It is hardly as important as as refusal of FoI requests to see climate change documents, but it does indicate that some vice-chancellors are not very interested in openness. This secretiveness is exactly the sort of thing that leads to lack of trust in universities and in science as a whole.

The one case that I have won took over three years and an Information Tribunal decision against the University of Central Lancashire (UCLAN) before I got anything.

UCLAN spent £80,307.95.(inc VAT at 17.5%) in legal expenses alone (plus heaven knows how much in staff time) to prevent us from seeing what was taught on their now defunct “BSc (Hons) homeopathy”. This does not seem to me to be good use of taxpayers’ money. A small sample of what was taught has already been posted (more to come). It is very obvious why the university wanted to keep it secret, and equally obvious that it is in the public interest that it should be seen.

UCLAN had dropped not only its homeopathy "degree" before the information was revealed, They also set up an internal inquiry into all the rest of their courses in magic medicine which ended with the dumping of all of them.

Well, not quite all, There was one left. An “MSc” in homeopathy by e-learning. Why this was allowed to continue after the findings of UCLAN’s internal review, heaven only knows. It is run by the same Kate Chatfield who ran the now defunct BSc. Having started to defend the reputation against the harm done to it by offering this sort of rubbish, I thought I should finish. So I asked for the contents of this course too. It is, after all, much the same title as the course that UCLAN had just been ordered to release. But no, this request too was met with a refusal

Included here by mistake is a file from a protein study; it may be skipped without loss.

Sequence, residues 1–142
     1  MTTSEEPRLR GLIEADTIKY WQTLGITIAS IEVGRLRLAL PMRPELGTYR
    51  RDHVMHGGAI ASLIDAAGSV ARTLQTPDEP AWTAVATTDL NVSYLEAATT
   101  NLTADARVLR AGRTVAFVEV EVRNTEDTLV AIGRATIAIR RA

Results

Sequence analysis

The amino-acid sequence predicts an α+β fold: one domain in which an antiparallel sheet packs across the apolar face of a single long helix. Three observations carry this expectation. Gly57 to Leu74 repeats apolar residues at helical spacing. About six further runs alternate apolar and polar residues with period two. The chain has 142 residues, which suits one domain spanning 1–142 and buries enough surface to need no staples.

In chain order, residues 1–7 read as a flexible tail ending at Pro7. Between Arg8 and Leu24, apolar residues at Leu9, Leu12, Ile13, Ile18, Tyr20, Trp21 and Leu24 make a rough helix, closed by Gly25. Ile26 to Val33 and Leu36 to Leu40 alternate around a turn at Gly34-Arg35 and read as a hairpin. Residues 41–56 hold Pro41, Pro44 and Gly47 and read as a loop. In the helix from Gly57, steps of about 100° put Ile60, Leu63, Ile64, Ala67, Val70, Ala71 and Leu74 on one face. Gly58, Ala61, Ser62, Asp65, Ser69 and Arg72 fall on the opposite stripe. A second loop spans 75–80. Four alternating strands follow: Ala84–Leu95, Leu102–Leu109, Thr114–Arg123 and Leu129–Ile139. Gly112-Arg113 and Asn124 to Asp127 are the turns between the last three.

Worse still, the refusal was claimed under section 43(2) if the Freedom of Information Act 2000. That is the public interest defence, The very defence that was dismissed in scathing terms by the Information Tribunal less than two months ago,

To add insult to injury, UCLAN said that it would make available the contents of the 86 modules in the course under its publication scheme, at a cost of £20 per module, That comes to £1,720 for the course, Some freedom of information.

Because this was a new request, it now has to go through the process of an internal reviw of the decision before it can ne referred to the Information Commissioner. That will be requested, and since internal reviews have, so far, never changed the initial judgment. the appeal to the Information Commissioner should be submitted within the month. I have been promised that the Information Commissioner will deal with it much faster this time than the two years it took last time.

### And a bit more unfreedom

Middlesex University

I first asked Middlesex for materials from their homeopathy course on 1 Oct 2008.  These courses are validated by Middlesex university (MU) but actually run by the Centre for Homeopathic Education. Thw MU site barely mentions homeopathy and all I got was the usual excuse that the uninsersity did not possess the teaching materials. As usual, the validation had been done without without looking at what was actually being taught. The did send me the validation document though [download it]   As usual, the validation document shows no sign at all of the fact that the usbject of the "BSc" is utter nonsense. One wonderful passage says

“. . . the Panel were assured that the Team are clearly producing practitioners but wanted to explore what makes these students graduates? The Team stated that the training reflects the professional standards that govern the programme and the graduateness is achieved through developing knowledge by being able to access sources and critically analyse these sources . . . “